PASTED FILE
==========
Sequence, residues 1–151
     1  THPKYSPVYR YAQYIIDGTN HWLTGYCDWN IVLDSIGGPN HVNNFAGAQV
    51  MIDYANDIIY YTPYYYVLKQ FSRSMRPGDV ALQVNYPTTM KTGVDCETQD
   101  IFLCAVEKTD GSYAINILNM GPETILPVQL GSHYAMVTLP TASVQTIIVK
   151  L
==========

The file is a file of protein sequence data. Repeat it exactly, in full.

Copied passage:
Sequence, residues 1–151
     1  THPKYSPVYR YAQYIIDGTN HWLTGYCDWN IVLDSIGGPN HVNNFAGAQV
    51  MIDYANDIIY YTPYYYVLKQ FSRSMRPGDV ALQVNYPTTM KTGVDCETQD
   101  IFLCAVEKTD GSYAINILNM GPETILPVQL GSHYAMVTLP TASVQTIIVK
   151  L